In court on Thursday, Jonathan Matthews, attorney for plaintiff Lieutenant Cleveland Brown in the racial discrimination lawsuit against the city of Richmond and Chief of Police Chris Magnus, continued with questioning Magnus about his actions during a staff retreat in Napa in late 2006.
The seven plaintiffs are all black commanders within the police department and have alleged that Magnus and then-Deputy Chief Lori Ritter prevented the advancement of black officers and cracked racist jokes. In addition to Brown, the other plaintiffs are Capt. Eugene McBride, Sgt. James Jenkins and four other lieutenants: Arnold Threets, Shawn Pickett, Michael Booker and Johan Simon.
On Thursday, Matthews asked Magnus about his reasons for calling the Napa retreat.
“I wanted to remind my management team that they were a leader regardless of rank,” said Magnus. “We may all have different backgrounds, but we still had the common respect and goal to provide leadership in the department. I wanted to talk about leadership, how we are perceived in the community, and race relations and cliques in the department.”
During the cross examination, defense lawyer Arthur Hartinger produced a memorandum in which plaintiff Lieutenant Shawn Pickett described his opinion of Captains Cleveland Brown and Eugene McBride—who are also both plaintiffs—in a response to a questionnaire Magnus had sent out to officers. He wrote, “In my opinion, they care more about being liked than being effective. They have avoided confronting the people that need confronting, while overloading their workers with non essential assignments.”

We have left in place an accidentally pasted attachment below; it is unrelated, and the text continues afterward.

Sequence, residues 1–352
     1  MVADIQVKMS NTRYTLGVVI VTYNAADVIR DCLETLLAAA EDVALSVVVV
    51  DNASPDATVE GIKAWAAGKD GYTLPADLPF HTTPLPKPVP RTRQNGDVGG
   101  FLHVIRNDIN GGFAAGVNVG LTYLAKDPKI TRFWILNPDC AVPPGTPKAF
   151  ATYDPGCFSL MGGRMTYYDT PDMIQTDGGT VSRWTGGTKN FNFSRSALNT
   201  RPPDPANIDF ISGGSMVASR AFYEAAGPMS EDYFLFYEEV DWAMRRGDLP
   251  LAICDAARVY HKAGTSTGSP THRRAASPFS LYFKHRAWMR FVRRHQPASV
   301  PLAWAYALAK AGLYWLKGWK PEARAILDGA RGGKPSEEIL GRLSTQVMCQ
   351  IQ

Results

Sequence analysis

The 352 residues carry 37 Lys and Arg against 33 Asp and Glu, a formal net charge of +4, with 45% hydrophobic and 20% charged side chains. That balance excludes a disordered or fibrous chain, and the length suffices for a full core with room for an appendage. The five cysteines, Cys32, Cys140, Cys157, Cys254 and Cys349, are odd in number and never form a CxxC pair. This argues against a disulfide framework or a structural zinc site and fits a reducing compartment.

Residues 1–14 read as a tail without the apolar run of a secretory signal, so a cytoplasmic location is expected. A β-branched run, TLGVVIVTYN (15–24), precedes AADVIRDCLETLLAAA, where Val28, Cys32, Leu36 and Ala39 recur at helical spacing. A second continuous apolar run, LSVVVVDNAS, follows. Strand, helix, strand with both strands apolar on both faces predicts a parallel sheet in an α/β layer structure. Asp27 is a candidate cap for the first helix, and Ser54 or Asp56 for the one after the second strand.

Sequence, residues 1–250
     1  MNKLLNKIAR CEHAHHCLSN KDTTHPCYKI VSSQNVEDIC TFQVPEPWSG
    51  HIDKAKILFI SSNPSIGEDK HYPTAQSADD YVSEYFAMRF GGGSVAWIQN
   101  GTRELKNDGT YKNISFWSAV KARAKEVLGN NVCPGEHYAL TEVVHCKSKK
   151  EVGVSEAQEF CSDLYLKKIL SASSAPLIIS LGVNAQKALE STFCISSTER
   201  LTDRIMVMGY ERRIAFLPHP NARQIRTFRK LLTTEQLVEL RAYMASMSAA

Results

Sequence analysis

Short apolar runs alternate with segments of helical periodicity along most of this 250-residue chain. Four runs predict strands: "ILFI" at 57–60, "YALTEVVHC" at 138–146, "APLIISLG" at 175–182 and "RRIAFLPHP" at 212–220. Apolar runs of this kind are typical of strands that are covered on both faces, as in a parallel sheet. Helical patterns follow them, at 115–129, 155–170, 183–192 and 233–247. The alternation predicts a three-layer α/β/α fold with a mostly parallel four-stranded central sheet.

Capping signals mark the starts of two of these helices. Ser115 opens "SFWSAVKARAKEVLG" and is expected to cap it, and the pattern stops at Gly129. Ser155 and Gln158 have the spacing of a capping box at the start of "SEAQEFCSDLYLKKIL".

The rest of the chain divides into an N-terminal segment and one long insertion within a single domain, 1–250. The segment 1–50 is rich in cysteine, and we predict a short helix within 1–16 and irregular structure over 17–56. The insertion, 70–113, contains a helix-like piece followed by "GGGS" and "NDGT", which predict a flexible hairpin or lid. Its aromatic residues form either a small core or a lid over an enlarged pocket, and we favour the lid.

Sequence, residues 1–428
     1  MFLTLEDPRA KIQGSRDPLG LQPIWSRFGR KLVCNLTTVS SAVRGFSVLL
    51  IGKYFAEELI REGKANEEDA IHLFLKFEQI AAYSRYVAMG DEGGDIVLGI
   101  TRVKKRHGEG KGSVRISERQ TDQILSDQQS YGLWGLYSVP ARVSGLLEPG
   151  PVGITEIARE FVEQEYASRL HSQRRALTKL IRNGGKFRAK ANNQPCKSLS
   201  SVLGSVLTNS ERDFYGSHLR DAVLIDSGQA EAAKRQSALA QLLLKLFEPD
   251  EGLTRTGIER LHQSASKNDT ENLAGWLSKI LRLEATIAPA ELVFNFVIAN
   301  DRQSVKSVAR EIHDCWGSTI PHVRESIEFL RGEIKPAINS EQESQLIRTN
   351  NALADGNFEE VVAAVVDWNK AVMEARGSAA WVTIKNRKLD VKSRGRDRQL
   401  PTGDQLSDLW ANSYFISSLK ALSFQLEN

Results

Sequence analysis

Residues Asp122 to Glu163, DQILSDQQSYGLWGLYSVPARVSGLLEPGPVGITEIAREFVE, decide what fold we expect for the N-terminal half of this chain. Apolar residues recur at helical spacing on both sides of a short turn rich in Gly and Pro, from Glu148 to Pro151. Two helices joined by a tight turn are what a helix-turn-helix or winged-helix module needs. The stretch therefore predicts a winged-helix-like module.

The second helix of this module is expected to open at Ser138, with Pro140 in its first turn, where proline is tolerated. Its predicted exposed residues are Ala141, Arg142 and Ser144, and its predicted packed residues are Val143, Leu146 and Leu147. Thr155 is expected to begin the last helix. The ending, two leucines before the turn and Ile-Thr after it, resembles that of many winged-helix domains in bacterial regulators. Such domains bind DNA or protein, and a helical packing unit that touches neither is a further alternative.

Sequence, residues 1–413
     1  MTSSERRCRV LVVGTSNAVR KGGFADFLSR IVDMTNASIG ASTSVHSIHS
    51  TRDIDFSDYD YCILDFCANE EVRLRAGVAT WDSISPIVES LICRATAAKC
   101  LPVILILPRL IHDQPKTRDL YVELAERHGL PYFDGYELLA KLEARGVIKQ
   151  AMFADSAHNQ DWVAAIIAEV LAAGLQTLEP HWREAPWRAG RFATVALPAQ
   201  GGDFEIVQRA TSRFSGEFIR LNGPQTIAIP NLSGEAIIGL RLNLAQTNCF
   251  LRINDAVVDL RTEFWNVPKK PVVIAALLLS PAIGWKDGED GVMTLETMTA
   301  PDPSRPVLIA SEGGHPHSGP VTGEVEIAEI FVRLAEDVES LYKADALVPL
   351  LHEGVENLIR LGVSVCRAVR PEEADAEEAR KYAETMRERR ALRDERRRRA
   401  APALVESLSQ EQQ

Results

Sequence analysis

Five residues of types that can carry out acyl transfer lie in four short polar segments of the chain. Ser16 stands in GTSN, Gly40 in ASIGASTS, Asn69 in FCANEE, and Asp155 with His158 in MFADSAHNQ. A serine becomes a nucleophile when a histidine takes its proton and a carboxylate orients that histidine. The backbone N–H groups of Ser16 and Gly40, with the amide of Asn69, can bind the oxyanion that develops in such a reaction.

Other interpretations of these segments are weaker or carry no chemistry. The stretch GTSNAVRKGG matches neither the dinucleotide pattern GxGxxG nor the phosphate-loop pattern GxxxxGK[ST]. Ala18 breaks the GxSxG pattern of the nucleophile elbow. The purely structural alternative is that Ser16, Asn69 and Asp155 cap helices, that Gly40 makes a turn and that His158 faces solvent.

When asked by Hartinger if any of the other command staff had made comments about the captains, Magnus testified that Lieutenant Arnold Threets—also a plaintiff—had the harshest criticism of McBride and Brown.
“Arnold was surprisingly negative about a great deal of his peers,” said Magnus. “He made it clear I had inherited two captains that were incompetent. He even said that every village has an idiot, and we have two of them.”
Hartinger also showcased data on the demographics of all the promotions for deputy chief, captain, sergeant, and lieutenant positions under Magnus since January, 2006. The data showed that Magnus promoted more non-white officers to higher ranks than white officers, including promoting three black officers to captain and six black officers to sergeant.
Hartinger’s cross-examination of Magnus is expected to continue on Friday.